The Egyptian Voting Learning Curve
Images of violence predominate, and some worry that the revolution will succeed only in replacing one dictator with another. However, no matter who wins parliamentary elections, a fundamental fact will be reaffirmed: Nothing can ultimately stop the movement for change in Egypt and the wider Arab world.
The long lines at polling stations in Cairo from the earliest hours of the morning of Nov. 28 - the first day in a series of voting days nationwide that will culminate in Egypt's first post-Mubarak Parliament by early January - attest to the fact that Egyptians are hungry to play a major role in the future of their country. Similarly, this March, 18 million people turned out to vote in a referendum on constitutional changes.
Of course, the current elections are not without controversy. There are fears there will be violence, under-representation of liberal trends, and a continuation of the worst practices, such as bribery, vote rigging and violence from past elections. All of these fears are legitimate. There are also those who think the elections should not be held in light of the violence in Tahrir Square in the past several days, leaving more than 40 dead and thousands injured in clashes between protestors and police over demands that the military council ruling the country immediately transfer power to a civilian leadership.
Critics of the council's record thus far point to a confused decision-making process that has not provided a clear road map of the country's future, thousands of military trials of civilians and what is perceived as a tightening of authoritarian controls - none of these inspire confidence in the council's ability to oversee truly free and fair elections. But dealing with an imperfect process in the best way possible is the only option right now.
This should involve active participation in the elections as well as continued pressure by protesters in Tahrir Square. It is thus heartening to have seen, in the days and weeks leading up to Nov. 28, a return of hundreds of thousands of protestors to the square. At the same time, there has been a flurry of election related information: Signs in the streets, advertisements on television, discussion on talk shows and Internet applications that tell citizens where to vote, among others.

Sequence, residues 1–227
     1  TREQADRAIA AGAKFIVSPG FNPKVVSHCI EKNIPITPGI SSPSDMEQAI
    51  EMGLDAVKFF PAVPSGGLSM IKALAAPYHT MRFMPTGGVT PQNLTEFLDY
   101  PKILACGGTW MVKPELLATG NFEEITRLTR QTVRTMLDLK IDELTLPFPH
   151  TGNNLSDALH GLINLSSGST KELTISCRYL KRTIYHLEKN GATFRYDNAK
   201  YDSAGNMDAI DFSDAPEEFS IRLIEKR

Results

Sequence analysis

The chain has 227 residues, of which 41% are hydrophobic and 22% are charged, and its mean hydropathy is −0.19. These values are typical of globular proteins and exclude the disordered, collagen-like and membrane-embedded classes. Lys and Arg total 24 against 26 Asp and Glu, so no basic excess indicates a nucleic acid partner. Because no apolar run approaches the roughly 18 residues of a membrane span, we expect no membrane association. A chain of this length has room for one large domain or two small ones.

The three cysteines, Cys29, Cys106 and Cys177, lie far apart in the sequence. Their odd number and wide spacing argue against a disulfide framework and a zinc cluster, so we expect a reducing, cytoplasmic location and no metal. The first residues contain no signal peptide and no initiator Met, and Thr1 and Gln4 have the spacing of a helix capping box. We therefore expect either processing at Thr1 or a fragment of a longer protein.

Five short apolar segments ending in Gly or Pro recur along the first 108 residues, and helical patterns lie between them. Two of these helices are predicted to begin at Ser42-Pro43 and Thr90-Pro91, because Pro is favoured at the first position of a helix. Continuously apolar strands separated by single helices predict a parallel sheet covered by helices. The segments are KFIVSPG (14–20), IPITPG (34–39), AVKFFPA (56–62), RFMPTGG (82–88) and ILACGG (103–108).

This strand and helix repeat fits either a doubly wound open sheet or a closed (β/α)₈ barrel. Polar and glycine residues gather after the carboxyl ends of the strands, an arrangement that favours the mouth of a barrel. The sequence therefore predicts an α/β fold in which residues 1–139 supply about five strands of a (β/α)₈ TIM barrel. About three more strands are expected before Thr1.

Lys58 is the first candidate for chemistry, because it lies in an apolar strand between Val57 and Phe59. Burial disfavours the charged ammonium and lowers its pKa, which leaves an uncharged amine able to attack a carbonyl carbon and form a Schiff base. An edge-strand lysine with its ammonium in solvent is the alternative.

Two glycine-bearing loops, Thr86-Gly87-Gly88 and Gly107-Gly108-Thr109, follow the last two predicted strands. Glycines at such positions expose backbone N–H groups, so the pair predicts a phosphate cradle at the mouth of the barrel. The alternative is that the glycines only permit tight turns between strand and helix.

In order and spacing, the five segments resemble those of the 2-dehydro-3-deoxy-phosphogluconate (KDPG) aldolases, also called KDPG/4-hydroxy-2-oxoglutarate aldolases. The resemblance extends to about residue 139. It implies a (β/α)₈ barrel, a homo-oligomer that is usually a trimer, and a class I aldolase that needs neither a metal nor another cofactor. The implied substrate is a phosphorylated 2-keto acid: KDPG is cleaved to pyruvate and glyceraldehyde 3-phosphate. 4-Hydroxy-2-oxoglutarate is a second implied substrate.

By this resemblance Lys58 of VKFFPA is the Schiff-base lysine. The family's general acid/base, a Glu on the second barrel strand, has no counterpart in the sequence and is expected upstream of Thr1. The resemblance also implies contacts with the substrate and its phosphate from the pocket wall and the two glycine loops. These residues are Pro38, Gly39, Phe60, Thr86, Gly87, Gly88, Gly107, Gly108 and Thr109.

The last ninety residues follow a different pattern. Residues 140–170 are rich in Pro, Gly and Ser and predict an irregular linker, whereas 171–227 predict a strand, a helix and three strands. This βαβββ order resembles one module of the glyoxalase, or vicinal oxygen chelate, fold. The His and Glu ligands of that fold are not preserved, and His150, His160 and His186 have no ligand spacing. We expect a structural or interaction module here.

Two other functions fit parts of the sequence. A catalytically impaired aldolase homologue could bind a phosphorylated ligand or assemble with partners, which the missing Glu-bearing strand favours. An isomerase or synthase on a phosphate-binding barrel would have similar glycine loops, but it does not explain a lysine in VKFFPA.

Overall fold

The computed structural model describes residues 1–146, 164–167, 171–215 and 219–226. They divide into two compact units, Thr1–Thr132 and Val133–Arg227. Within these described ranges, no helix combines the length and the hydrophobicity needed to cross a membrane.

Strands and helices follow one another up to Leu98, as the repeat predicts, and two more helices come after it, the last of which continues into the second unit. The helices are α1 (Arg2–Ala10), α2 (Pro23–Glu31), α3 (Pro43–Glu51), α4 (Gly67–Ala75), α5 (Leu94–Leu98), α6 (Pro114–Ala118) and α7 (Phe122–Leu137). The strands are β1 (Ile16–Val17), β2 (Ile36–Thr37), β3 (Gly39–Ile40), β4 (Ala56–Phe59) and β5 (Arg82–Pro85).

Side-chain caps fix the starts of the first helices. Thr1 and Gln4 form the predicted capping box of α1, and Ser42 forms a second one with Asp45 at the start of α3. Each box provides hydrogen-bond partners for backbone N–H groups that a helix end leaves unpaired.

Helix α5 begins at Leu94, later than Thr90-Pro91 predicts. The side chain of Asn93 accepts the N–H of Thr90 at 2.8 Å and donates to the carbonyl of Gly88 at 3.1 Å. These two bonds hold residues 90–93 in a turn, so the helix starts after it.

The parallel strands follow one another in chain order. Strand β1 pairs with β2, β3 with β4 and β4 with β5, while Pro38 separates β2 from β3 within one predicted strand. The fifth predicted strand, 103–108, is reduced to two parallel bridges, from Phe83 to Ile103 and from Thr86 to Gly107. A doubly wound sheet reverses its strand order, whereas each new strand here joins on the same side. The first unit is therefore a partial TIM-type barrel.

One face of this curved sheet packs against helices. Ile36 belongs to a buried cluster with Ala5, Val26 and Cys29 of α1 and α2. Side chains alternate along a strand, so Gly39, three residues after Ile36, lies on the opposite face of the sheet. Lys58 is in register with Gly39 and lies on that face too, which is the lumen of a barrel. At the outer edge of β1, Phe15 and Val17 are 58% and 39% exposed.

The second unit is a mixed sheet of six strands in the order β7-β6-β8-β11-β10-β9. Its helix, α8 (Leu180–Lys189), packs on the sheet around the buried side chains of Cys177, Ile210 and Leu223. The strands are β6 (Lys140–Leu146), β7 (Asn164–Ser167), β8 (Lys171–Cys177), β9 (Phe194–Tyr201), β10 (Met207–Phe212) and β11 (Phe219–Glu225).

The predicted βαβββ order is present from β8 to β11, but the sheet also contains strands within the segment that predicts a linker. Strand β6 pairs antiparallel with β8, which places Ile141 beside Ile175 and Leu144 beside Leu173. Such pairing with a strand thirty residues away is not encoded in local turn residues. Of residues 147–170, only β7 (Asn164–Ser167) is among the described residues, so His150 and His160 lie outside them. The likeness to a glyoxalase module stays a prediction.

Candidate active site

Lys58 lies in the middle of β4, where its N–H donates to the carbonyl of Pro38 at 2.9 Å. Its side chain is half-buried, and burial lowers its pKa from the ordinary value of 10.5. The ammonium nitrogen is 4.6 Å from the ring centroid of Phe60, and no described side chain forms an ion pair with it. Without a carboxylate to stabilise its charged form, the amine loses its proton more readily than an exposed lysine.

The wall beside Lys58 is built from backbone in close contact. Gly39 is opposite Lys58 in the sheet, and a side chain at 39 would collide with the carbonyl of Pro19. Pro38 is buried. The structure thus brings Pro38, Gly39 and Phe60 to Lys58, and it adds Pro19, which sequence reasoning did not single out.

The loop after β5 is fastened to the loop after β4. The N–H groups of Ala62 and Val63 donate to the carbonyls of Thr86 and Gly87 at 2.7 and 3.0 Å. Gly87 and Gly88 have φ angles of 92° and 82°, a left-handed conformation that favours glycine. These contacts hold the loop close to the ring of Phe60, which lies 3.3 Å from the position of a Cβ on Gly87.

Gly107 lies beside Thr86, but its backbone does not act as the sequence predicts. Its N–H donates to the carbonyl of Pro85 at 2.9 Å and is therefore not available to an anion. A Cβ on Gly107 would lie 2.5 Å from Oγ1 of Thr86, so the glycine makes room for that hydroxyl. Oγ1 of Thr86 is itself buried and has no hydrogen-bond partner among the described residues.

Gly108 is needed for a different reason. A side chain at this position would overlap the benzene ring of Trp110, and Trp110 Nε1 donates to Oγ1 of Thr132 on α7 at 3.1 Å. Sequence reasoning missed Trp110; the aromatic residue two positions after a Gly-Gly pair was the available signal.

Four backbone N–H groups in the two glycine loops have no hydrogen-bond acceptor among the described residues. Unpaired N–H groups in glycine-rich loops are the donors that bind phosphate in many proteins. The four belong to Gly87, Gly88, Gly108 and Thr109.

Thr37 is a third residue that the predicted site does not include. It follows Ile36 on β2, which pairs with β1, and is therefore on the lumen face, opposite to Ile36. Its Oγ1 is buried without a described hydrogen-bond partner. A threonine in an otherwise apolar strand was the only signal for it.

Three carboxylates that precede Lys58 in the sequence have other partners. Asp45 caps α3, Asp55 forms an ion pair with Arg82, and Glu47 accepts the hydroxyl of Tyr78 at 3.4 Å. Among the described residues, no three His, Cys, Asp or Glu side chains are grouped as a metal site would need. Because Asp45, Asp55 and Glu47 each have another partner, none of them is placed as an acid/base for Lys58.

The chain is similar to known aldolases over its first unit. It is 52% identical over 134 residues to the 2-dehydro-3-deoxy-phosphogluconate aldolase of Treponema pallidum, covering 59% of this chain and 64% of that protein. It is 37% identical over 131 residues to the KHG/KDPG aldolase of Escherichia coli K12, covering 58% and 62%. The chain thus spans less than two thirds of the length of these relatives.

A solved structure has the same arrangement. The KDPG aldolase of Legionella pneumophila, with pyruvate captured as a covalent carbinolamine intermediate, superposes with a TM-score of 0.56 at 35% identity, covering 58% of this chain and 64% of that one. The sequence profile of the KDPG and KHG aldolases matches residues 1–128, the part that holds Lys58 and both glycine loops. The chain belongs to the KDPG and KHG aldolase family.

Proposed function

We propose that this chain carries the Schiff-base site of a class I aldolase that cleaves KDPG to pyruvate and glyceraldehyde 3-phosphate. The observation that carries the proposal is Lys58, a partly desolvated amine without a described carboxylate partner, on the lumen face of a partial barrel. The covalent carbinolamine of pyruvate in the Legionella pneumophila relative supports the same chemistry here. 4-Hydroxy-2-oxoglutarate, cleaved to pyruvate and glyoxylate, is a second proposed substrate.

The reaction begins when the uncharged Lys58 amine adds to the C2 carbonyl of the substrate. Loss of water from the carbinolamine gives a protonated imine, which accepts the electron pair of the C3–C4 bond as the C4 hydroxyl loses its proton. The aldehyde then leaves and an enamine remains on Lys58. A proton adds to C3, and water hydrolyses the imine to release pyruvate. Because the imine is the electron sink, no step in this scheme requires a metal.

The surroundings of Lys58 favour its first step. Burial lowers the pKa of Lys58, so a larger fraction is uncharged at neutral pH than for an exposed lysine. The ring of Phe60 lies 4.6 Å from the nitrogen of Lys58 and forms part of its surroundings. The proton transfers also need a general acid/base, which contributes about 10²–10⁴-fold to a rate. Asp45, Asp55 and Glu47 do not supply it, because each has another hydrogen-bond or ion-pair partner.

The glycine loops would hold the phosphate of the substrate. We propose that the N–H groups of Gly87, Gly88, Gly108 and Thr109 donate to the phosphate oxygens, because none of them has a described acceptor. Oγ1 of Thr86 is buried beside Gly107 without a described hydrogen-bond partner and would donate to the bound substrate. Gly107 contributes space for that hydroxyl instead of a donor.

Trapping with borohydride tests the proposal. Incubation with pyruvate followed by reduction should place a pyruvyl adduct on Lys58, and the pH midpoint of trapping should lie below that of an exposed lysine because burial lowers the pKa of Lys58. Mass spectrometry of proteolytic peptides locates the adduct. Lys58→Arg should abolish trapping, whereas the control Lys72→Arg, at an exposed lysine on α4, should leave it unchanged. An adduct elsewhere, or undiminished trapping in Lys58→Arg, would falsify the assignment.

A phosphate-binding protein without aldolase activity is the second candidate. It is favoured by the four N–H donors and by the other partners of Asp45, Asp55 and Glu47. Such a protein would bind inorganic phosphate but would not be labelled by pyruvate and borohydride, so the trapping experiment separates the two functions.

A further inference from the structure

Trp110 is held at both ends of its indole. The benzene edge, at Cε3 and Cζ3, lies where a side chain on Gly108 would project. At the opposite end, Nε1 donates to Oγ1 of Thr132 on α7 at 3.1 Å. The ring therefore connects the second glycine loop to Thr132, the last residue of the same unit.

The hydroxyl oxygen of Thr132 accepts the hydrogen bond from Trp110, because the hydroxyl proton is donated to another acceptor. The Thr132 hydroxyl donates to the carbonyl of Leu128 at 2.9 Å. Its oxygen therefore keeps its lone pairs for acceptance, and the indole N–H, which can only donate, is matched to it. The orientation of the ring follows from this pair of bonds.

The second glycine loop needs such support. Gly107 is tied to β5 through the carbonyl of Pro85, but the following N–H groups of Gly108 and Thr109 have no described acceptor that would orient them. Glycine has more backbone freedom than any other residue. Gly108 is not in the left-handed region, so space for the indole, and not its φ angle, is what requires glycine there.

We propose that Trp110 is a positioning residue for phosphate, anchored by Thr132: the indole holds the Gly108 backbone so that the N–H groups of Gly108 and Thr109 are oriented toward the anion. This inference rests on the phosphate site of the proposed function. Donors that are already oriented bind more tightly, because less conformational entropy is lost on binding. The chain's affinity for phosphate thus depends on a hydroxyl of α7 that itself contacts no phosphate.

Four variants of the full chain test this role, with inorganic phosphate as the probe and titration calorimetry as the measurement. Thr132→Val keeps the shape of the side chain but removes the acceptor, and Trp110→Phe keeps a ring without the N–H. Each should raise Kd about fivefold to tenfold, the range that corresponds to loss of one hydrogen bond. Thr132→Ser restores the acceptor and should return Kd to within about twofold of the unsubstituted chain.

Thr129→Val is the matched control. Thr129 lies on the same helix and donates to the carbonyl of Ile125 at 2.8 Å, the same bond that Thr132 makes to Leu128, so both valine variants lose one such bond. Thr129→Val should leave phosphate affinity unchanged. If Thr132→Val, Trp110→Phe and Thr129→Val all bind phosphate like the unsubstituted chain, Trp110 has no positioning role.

And yet, the day before the election, potential voters from across the board from Facebook addicts to citizens who only rarely use technology – were still asking the same basic questions: Who is running in my district? Who should I pick? What do they stand for? How does the election system work? And what will happen after the election takes place?
Egyptians are struggling with these kinds of questions for the first time, and old and new parties are scrambling to answer them. Although the campaigning has not been perfectly effective or informative, this represents a paradigm shift that could only have taken place post-Jan.25, from which there is no going back.
Despite the very real challenges, for the forces of change the elections are a win-win situation. If a fair and truly representative Parliament is elected, then a brighter future will appear sooner than anyone is currently expecting. If the elections turn out to be rigged, however, and results in a lopsided Parliament that does not reflect Egypt's diversity, it will only increase anger in the street and push people to work harder for real change – whether in Tahrir or on the next campaign trail, be it parliamentary or presidential.
Democracy has a learning curve that may take some time to come to fruition and requires more sacrifice. But buoyed by the revolutionary movement, hope has not been extinguished in the Middle East's most populous nation, and thus the region as a whole.
By Tarek Atia